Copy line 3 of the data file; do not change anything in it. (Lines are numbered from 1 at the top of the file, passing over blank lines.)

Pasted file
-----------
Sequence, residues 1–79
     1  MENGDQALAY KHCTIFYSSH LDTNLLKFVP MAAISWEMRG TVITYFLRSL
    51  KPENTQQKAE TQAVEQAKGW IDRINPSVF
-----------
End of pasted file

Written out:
    51  KPENTQQKAE TQAVEQAKGW IDRINPSVF